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Thursday 31 July 2014
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More Indian scientists authoring papers

Kalyan Ray

Quality of Research

In what may be an indirect recognition of the improvement in the quality of Indian science research, the number of research papers authored by Indian scientists in Nature group journals has increased nine times between 1998 and 2009.

A new publishing index from Nature group journals says the number of Indian papers published in their group has gone up from two in 1998 to 18 in 2009. In the Asia-Pacific region overall, Japan, China and Australia are miles ahead.

They are the top three in the index whereas India is at the sixth spot. A report accompanying the Nature Asia-Pacific index notes that though somewhat overshadowed by China’s spectacular rise, emergence of India as a scientific and technological power has not gone unnoticed either in the region or globally, and the next decade may well belong to Indian scientists. While the contribution of scientists from the subcontinent to Nature journals is modest in terms of the absolute number of papers, the trend is upward.

Since 1998, the number of articles published in Nature journals by Indian scientists has representations from 24 Indian institutions in 2009, the report says. The index analyses the ranking of individual institutes also. National Centre for Biological Sciences, Bangalore tops the list from India with a rank of 53 followed by the Centre for Cellular and Molecular Biology, Hyderabad at 76.


Because NCBS has one paper in Nature Nanotechnology fully authored by its own scientists, it ranks higher than the coveted Indian Institute of Science, Bangalore which has four papers though all authors are not from IISc.  The east figured prominently with two research institutes from Kolkata, Bose Institute and Indian Association for Cultivation of Science, standing at 77 and 80th spots respectively.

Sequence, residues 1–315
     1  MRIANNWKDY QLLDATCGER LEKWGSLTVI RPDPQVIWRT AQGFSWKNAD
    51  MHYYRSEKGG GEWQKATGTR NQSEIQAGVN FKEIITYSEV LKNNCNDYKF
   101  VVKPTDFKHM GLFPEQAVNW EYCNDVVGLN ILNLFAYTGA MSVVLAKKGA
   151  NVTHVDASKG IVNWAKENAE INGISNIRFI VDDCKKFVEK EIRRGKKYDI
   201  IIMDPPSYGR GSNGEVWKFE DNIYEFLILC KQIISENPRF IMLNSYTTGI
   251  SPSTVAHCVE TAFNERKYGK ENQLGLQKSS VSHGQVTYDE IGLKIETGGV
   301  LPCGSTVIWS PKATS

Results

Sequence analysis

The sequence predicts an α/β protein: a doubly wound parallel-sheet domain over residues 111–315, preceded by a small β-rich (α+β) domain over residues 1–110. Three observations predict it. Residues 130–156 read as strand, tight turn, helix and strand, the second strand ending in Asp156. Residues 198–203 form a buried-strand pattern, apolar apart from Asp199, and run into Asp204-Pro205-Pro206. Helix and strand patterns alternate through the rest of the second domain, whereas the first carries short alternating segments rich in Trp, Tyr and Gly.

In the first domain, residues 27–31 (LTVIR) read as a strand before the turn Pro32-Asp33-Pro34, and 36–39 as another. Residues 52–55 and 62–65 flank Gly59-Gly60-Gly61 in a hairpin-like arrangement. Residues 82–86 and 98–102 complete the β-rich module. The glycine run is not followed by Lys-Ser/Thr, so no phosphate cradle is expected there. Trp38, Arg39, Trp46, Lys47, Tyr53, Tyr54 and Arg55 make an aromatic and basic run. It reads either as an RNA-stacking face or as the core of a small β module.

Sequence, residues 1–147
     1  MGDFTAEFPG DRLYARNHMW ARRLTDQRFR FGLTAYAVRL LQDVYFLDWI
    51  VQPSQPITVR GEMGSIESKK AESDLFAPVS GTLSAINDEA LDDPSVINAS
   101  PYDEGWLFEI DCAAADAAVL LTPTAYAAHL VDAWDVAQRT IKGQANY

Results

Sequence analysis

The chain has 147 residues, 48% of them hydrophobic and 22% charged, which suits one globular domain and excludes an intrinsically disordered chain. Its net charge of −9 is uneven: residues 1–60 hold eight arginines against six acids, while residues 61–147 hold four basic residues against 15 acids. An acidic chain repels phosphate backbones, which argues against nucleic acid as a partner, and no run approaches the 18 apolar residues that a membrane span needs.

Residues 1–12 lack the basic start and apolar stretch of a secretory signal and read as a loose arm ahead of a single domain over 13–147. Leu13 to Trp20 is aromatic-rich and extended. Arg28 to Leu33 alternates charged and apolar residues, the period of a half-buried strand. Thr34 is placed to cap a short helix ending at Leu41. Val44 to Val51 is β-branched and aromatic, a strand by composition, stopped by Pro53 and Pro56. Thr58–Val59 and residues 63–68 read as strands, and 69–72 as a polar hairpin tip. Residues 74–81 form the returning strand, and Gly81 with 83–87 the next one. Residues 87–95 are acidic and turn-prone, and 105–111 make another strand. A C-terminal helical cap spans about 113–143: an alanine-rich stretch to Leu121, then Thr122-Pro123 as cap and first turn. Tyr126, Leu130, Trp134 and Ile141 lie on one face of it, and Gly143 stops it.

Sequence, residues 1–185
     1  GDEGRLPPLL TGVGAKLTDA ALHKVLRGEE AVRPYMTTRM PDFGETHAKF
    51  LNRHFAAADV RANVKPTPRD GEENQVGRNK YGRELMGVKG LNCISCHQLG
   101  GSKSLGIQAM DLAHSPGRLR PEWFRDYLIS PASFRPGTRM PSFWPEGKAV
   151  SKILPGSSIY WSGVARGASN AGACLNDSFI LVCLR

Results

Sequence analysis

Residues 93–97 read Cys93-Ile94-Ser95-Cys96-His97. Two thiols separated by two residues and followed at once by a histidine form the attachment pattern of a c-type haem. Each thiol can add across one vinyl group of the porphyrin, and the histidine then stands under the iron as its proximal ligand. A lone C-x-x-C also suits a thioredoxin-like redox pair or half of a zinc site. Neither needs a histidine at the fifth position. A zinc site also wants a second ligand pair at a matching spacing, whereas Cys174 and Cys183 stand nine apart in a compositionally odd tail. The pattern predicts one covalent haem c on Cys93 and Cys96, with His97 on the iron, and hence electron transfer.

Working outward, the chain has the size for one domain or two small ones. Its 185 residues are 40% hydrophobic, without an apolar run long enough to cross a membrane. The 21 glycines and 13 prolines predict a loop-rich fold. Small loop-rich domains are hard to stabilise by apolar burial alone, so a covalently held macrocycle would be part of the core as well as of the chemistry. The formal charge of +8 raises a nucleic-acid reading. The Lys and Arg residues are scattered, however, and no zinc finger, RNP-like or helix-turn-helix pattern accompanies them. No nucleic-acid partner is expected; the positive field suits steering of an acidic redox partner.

However, China is leagues ahead of India in terms of the numbers. “Only in the last three years the number of papers from India in Nature-group journals has increased to double digits: ten in 2007, 11 in 2008 and 18 in 2009. From 1998 to 2006, in nine years, India’s tally was merely 24,” Subbiah Arunachalam, former editor of many Indian scientific journals told Deccan Herald.

“China, on the other hand, has shown a consistent improvement. Starting from 10 in 2001, the number of Chinese papers grew to 59 in 2007, 75 in 2008 and 93 in 2009,” said Chennai-based Arunachalam who is on the editorial boards of many Indian journals.

On the contribution of other countries, the report finds that in 2009 as many as 232 original articles from Japanese institutions were published in Nature and the Nature Research journals compared to 93 articles from Chinese institutions and 98 from Australia. When it comes to the percentage of authors from a given country, Japan ranks first, China second, Australia third. Korea and Singapore also performed strongly. The data shows the recent strong growth in output of high quality scientific research from China and other countries in the Asia-Pacific region.

In 1998, China published three articles in Nature and Nature Research journals and, while the number of Nature-branded primary research journals has since doubled, the number of articles from China has increased 30-fold At the institutional level, six of the top ten institutions in the 2009 rankings are in Japan. The University of Tokyo leads the table with 68 articles, followed by Kyoto University, Osaka University, RIKEN and the Chinese Academy of Sciences.

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